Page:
Back to the drawing board with the embroidery, I changed the bad flowers to some lazy daisies that I knew would work, but now had to choose a whole new color scheme, which I eventually did, although no ribbons or rickrack of the right colors were to be found in my stash to match, so they were omitted.  You’ll have to take my word that up close, the dress looks really delicate and pretty with the pale pastel embroidery, because my camera died.  Yes, the camera that was all set up to do a nice job photographing my darker skinned dolls without a flash!  So I had to use a different one that didn’t let me manually adjust the exposure the same way, and gave it the task of properly exposing both a pastel-on-pastel embroidered dress and Melody’s face.  It failed.  Either Melody’s face looked good and the embroidery disappeared, or  the embroidery looked OK but Melody’s face was too dark to see her features properly.  So it was overexposed and then I messed with the colors in a photo editor, which made them look kind of unnatural:

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Get the pattern here

If you can break the curse and make and photograph a nice version share your pix here

While you’re there, check out Maribell’s idea to put cording instead of piping on the dress from week one – much easier but outlines the curves so nicely!

There are some interesting articles about historical bias toward lighter skin in both film and digital cameras here: http://www.npr.org/sections/codeswitch/2014/04/16/303721251/light-and-dark-the-racial-biases-that-remain-in-photography and here: https://www.nytimes.com/2015/02/22/magazine/a-true-picture-of-black-skin.html?_r=0

BHM Week 3

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We’re already in our third week of February.  Are you/your kids enjoying their Black History Month reading?  This week we have a book from Newbery award winner Christopher Paul Curtis called “The Watsons Go to Birmingham.”  I’ve enjoyed all his books that I’ve read, but chose this one in particular because it’s a great read for kids.  The Watson children live in the unsegregated north (Michigan) in the 1960s and experience segregation and civil rights issues while visiting family in Alabama.  Kids, identifying with the main characters, will experience it through their eyes and probably feel similarly when confronted with segregation, since it’s completely foreign to their experience as well.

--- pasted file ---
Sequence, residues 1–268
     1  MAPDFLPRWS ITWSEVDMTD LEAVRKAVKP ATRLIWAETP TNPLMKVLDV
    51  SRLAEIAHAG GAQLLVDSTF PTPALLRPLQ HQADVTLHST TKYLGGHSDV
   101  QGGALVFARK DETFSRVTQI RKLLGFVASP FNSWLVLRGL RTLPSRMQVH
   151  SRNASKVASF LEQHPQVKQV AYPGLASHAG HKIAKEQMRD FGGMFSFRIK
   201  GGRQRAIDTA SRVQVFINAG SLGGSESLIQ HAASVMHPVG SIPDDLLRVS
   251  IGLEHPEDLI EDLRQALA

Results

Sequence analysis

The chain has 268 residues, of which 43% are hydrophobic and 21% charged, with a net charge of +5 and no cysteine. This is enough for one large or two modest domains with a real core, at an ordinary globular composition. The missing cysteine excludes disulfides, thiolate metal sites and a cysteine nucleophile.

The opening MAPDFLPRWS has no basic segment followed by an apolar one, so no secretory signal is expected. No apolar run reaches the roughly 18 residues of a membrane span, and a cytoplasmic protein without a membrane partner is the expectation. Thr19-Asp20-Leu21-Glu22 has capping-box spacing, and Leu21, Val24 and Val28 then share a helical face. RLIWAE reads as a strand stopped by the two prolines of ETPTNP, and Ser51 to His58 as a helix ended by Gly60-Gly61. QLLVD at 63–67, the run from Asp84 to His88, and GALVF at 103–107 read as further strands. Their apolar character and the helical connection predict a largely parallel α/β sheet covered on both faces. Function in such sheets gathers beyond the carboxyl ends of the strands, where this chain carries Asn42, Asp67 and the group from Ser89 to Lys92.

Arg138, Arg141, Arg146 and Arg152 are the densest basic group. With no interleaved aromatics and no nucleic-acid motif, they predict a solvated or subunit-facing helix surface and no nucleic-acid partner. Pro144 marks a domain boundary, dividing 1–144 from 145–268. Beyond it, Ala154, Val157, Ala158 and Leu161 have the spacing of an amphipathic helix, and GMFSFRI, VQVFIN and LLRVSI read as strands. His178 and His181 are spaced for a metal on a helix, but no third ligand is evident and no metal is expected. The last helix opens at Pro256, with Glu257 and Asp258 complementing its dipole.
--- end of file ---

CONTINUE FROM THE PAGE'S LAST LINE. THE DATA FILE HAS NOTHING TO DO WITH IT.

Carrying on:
Get the coat pattern here

Why a coat as the pattern?  The book starts with how cold it is during the Michigan winter since the heat is broken, so it will help keep a doll warm as she reads/acts out the story.
All the patterns so far have been at the intermediate sewing level and this is no exception, but if that makes you sad, rejoice!  Next week’s pattern will be very easy, but also have some special touches for those that like things a little more challenging 🙂

BHM Week 2

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If you’re just joining us, we’re celebrating Black History Month with children’s literature and doll outfits to accompany the book.

This week’s book is actually a series – Addy’s books!  When AG was Pleasant Company, the original intent of the books was for kids to learn about history and be able to act those stories out, supported by props available from PC.  If I were to list my favorite story series from the historical dolls, Josefina, Kit, Addy and Kirsten tie at the top of my list, and Addy is one of my favorite dolls.

There have been so many dresses for Addy over the years, both pictured in her books and sold by AG/PC it was hard to decide what to showcase.  I though the Emancipation Proclamation dress would be a good plan, since it ties in a historical event, but when I asked DH’s opinion he said, “Meh.  It’s kind of boring and it’s been done.  Why not do something unique?”  So I hybridized a dress silhouette from Godey’s with a slightly modified soutache pattern from Arthur’s Home Magazine and came up with something new that I just LOVE.  Maybe after reading the series, kids will want to make up their own stories and this dress can inspire them!  Many of the accessories from the French Fashion Doll series would be great for Addy’s time too!

Intermediate to advanced sewers will enjoy the challenge of piping, soutache and a lined skirt with a placket.  Beginners can make the basic bodice easily and substitute a simple rectangle for the skirt.

Get the pattern here

Yay! A new series!

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It’s been a while since we’ve had a “theme” month, and February is the perfect time.

For a few years it’s been on my to-do list to devote February to Black History Month.  The main issue has been deciding what to base the outfits on.  Historical events? Different types of African textiles?  Famous people from history?  Outfits for specific dolls?  Well, this year I finally came up with an idea that got me excited!